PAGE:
Science Fair Projects

  • This style of project appeals to people who like to solve problems or answer questions by following a step-by-step format. Students who chose this project will follow the scientific method, keep careful records of their efforts, develop conclusions, and then present the project at the science fair. For our purposes, we will consider the following divisions of the scientific method:
    • Problem - The problem must be specifically defined question, and must be experimental! Experimental refers to the fact that the problem can be approached by conducting an experiment, data can be collected, and conclusions can be drawn. Students generally should not know the answer to the problem ahead of time. Warning: This project is not a "how to" lesson, nor is it a demonstration of information already known!
    • Research - This is where the student will study background information about the problem, and their ideas about possible solutions.
    • Hypothesis - This section is where the student will state his/her most likely idea as to the answer for the problem. This is often referred to as an "educated guess". The hypothesis must be testable, possible, and within the student's ability level.
    • Experiment - This is a test of the hypothesis. It will include specific procedures, data collection methods, and materials used. It must be complete, and include adequate detail.
    • Data - This section contains all records of measurements, or observations taken during the trials of the experiment. Data may be either quantitative (numbers and measurements) or qualitative (word descriptions). This section also contains graphs, tables, and charts.
    • Conclusion(s) - The conclusion section contains many things, and is open to the analysis of the student. The conclusion should contain an answer to the original problem, if one was found. Other items could include possible sources of error, other hypotheses about this problem or a connected one, utilization of information found, reference to other related experiences, or other observations. This section relates the meaning of the data and observations.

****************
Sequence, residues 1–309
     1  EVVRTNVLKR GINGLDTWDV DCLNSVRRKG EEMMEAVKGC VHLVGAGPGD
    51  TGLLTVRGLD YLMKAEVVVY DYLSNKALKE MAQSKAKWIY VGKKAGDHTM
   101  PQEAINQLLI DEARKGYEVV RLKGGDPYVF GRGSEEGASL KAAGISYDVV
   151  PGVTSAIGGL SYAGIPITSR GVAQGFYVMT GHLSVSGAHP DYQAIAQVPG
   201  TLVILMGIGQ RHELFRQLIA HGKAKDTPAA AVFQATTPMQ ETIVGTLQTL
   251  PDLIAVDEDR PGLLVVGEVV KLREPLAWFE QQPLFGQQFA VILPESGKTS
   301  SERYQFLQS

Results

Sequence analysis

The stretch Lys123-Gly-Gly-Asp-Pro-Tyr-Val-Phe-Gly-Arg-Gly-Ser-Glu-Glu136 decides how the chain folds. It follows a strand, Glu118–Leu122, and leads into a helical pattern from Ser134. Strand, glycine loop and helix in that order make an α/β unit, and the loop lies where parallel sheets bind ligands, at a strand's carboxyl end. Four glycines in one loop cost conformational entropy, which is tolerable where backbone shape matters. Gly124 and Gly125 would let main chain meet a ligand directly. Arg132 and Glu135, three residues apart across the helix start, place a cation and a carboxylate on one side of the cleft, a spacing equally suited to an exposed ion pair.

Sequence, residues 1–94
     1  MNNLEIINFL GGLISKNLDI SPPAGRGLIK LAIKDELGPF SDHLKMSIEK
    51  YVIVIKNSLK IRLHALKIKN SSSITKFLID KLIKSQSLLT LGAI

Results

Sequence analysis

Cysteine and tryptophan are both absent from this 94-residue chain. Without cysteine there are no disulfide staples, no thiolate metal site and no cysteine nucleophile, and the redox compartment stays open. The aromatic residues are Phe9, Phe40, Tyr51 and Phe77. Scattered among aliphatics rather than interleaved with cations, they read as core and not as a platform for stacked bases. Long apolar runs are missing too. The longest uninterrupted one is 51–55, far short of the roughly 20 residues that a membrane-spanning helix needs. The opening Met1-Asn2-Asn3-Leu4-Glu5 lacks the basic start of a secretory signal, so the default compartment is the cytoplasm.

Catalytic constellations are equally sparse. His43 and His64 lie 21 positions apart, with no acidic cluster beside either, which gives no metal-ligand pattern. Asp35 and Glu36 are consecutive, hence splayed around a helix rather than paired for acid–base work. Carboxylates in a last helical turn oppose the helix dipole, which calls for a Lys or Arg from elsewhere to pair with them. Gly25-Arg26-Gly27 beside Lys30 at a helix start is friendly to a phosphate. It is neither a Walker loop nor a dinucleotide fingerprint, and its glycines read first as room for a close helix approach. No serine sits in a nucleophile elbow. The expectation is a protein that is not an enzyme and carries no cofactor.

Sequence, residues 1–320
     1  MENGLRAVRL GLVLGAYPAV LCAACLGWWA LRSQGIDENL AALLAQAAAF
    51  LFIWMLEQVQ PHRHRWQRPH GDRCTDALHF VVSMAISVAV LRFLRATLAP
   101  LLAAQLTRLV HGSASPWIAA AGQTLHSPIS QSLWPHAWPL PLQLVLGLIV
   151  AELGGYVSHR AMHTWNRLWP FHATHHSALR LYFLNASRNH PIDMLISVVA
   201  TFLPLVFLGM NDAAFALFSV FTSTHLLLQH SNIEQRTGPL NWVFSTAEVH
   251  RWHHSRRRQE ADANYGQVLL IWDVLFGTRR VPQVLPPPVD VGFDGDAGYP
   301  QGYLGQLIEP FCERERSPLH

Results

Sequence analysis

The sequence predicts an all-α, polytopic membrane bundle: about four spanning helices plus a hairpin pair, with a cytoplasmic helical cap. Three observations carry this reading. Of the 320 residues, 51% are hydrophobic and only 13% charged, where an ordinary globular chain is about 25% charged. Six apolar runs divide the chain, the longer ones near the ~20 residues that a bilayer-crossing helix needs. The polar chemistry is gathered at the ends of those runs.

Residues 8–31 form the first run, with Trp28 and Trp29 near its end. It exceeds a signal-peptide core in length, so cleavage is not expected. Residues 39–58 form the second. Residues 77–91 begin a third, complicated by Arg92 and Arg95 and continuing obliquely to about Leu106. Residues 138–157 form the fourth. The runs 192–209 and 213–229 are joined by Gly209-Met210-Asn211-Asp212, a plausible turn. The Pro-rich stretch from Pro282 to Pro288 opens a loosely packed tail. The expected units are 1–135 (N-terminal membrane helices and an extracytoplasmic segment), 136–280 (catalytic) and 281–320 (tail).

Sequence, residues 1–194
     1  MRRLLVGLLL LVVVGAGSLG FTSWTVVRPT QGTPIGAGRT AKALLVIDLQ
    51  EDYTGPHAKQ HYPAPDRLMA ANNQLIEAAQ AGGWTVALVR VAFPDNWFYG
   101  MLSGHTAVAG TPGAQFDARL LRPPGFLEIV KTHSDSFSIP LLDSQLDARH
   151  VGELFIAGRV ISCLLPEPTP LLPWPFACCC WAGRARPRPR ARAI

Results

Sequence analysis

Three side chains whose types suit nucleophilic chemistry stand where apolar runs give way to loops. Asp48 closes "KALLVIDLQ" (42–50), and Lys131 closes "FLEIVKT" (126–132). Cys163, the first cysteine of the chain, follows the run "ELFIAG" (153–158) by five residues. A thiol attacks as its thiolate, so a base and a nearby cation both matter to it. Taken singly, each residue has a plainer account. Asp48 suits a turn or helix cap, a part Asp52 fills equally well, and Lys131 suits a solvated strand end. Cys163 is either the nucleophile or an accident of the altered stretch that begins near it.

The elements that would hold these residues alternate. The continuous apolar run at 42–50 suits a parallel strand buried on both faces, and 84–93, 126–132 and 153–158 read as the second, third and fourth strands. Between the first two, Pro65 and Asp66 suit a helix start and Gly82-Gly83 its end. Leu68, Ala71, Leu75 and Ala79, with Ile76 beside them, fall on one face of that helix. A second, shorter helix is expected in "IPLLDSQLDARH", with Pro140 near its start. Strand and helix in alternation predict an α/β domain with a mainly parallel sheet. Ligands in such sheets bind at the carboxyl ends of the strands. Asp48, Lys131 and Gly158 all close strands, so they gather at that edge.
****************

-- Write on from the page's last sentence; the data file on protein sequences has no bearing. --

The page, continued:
The following are the parts of this project that must be produced for complete credit:

    LOGBOOK This is the scientist's "diary", or record of all efforts. Each entry in the logbook must be dated. The general flow of the writing should follow the scientific method,  and all steps of the scientific method must have entries recorded. All data must be included, and all conclusion ideas developed here.
    BACKBOARD This is a display of the project. It is usually put on tri-fold, cardboard or foam board. It should be attractive, informative, and complete. All the steps of the scientific method should be displayed (thus it repeats much of the logbook), along with other items such as pictures, experimental materials, and other informative items.
    ABSTRACT This is a one page written paper that serves as a short summary of your project. The abstract has three parts that include the Purpose, Procedure, and Conclusions.

    General pointers and requirements:

    • Start the logbook at the beginning of the project, and record in it throughout. Record all efforts in it as they take place or are planned.
    • Do not start the backboard or abstract until the entire project is finished, and the logbook is complete! The backboard and abstract are merely methods of presentation of the project, and not part of the original work.
    • Be sure all grammar, spelling, and other mechanics are correct.
    • You must get your project approved by the sponsoring teacher(s) before beginning it!
    • Check the evaluation rubric as you plan and proceed with your project.